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an except from the poem
In Black and White
She came to me in my dreams in black and white
Like a whisper upon the win
Ever so quiet, Ever so soft
But so real that I felt her upon my skin
The touch of her fingertips caressing my eyelids
Her touch likened to Angel’s wings
That is an excerpt from a poem that Patrick M. Bishop includes in his book “The Way of the Scarecrow: A Collection of Poems from the Heart,” which was published in February. It’s one of my favorites in the book and one where his words seem to surround me. I can relate to them. I guess that’s the pull of Patrick’s poetry: It’s like a seductive embrace of words that speak to you while they touch your heart, your spirit and your very essence.
It’s the way a good portion of his words make me feel. Like in the poem “Where are you?” or the words of “No More” that seems to be a deep expression of frustration for women who allow the wolves to devour them and their beauty.
Funny thing is, I seldom read more than five poems in a book of poetry, but with Patrick’s “The Way of the Scarecrow” one poem makes me want another. Like in “A Woman” where I hear a revelations about him… or at least that’s what I see. For me his poetry is like an abstract painting that seems to shift as you gaze upon it – allowing for the viewer’s – or in this case – the reader’s interpretation.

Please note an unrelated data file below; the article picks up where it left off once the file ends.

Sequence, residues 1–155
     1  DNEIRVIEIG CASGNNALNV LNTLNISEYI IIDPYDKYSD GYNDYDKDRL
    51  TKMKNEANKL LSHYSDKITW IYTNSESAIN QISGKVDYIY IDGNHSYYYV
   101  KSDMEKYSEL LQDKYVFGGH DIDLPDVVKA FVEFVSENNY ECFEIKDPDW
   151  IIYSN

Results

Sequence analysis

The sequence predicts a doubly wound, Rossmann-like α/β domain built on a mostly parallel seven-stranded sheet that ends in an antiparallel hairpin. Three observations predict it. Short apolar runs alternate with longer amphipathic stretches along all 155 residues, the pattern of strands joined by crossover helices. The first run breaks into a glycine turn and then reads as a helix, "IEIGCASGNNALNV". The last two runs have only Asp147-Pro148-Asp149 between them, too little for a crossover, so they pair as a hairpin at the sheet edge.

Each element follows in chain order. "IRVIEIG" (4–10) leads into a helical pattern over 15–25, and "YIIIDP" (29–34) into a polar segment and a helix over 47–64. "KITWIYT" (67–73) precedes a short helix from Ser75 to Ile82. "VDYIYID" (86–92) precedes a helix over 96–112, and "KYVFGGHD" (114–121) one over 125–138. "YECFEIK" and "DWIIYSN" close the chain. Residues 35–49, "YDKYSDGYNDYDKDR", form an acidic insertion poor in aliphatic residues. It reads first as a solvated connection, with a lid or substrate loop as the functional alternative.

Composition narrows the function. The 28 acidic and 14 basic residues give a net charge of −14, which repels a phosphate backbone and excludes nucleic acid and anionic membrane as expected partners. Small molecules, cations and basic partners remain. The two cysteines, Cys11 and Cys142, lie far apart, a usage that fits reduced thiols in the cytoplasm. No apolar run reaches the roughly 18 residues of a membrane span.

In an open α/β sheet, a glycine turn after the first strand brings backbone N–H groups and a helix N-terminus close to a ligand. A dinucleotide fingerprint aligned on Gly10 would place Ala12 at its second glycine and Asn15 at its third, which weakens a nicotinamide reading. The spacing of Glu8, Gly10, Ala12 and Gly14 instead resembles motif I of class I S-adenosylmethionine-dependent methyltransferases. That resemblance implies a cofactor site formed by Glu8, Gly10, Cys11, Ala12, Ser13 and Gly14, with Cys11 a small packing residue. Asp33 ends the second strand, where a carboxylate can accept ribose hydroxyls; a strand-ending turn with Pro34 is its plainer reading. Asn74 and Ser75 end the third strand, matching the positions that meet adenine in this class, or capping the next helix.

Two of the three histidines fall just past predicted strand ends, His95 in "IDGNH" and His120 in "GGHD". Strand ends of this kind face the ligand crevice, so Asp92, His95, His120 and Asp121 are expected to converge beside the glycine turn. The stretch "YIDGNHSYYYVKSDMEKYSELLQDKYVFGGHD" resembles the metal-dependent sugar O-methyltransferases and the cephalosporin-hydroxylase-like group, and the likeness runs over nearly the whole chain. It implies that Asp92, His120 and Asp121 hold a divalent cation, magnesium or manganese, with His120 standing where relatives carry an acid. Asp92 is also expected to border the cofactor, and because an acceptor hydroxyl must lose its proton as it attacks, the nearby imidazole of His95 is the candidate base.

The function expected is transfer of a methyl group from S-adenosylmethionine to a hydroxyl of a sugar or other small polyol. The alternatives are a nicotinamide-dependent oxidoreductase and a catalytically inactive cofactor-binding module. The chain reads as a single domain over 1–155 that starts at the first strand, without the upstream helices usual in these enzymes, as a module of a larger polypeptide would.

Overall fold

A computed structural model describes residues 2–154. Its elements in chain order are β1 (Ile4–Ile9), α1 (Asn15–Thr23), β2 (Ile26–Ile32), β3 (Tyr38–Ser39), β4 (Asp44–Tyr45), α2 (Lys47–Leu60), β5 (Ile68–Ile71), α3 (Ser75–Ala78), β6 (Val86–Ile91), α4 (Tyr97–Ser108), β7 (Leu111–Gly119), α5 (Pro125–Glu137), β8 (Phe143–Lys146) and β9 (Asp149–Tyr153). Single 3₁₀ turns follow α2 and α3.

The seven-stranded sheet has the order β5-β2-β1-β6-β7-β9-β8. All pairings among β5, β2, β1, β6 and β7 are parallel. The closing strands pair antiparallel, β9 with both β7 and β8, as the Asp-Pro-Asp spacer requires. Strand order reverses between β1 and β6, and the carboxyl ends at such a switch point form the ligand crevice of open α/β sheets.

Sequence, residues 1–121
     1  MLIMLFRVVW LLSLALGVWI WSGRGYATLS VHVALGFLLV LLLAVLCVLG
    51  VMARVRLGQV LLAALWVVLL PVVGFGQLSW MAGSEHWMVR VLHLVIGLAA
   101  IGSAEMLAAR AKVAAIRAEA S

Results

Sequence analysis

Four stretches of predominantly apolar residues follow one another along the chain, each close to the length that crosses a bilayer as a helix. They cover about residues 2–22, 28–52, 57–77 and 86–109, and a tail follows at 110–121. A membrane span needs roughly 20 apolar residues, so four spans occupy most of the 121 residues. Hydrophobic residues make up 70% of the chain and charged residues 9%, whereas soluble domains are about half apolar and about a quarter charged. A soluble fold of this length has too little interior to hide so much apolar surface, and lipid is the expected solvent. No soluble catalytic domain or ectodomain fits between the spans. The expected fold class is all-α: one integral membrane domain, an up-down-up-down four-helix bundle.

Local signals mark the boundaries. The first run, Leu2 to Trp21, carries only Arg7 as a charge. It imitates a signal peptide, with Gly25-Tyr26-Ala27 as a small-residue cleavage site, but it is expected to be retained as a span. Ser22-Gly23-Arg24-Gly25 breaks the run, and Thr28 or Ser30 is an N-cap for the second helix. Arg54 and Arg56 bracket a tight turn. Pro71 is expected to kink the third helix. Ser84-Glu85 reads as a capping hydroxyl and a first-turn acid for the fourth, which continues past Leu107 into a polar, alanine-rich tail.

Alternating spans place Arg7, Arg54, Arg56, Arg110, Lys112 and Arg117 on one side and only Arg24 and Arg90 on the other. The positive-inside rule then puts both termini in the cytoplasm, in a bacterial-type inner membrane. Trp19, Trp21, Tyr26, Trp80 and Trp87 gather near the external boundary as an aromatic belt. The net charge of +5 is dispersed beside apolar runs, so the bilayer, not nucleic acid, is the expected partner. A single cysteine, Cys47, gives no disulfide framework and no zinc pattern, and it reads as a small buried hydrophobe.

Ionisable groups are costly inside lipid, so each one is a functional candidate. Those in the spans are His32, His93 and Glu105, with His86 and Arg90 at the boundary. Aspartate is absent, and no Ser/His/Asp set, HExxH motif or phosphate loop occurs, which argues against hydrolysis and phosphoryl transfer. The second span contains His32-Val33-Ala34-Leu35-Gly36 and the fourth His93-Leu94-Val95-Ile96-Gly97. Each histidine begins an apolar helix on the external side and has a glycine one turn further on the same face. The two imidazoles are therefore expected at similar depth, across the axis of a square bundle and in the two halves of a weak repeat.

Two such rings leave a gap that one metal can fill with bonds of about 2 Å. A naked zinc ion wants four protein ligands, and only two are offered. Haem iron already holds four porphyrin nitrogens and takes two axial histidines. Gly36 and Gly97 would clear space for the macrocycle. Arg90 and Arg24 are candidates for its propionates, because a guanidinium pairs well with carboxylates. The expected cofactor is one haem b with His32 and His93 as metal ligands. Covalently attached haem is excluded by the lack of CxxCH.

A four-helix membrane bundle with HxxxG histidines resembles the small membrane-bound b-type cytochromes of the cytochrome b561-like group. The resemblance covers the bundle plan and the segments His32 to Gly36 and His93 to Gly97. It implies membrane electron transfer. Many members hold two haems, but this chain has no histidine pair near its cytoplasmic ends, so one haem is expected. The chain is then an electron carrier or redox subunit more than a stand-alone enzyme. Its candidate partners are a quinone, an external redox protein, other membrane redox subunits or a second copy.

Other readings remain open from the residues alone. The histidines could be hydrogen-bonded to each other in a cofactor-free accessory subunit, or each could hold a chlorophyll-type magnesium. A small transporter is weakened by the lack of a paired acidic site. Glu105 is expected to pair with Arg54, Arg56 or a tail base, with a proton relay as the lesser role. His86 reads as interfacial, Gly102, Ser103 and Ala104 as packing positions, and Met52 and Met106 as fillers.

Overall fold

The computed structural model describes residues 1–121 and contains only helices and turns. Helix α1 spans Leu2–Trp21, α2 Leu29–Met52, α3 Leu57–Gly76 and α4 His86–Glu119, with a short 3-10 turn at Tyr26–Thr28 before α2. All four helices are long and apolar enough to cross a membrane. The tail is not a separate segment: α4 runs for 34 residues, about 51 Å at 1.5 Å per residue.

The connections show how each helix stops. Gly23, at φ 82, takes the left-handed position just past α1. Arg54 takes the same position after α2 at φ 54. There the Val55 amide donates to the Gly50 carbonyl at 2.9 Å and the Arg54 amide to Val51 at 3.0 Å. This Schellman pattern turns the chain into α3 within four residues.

Where does it come from? Patrick says he’s been writing for as long as he can remember. When he was a senior in high school he wrote songs, one-act and screen plays as well as short stories. After high school he delved into poetry some more and was motivated by friends and family, teachers and counselors to consider sharing his poetry through publishing. From there his travels and experiences inspired him to write on a daily basis, venture deep within himself and allow the poetry to spring forth.
“I love writing,” he says, “and I can’t imagine a day without poetry… Poetry is life and it connects us all through the marriage of words. It touches us with it's fingertips like music or beauty and we carry it with us for the rest of our lives.”
Even if you’re impartial to poetry you’ll want to thoroughly read, study and absorb at least one poem. Find one that speaks to you, and once you do you’ll keep searching for another. “I write knowing that if I feel the poetry, I am not alone, someone else will feel it as well … [feel] the emotions that it entails,” says Patrick who lives in Athens, Georgia.
My one complaint is the layout and spacing of the poems, other than that I would recommend you follow “The Way of the Scarecrow.”
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Disclosure: I purchased this book and decided to share it with you. This post contains affiliate ads. Any opinions expressed here are my own and are not influenced by anyone. For more information review my complete policy.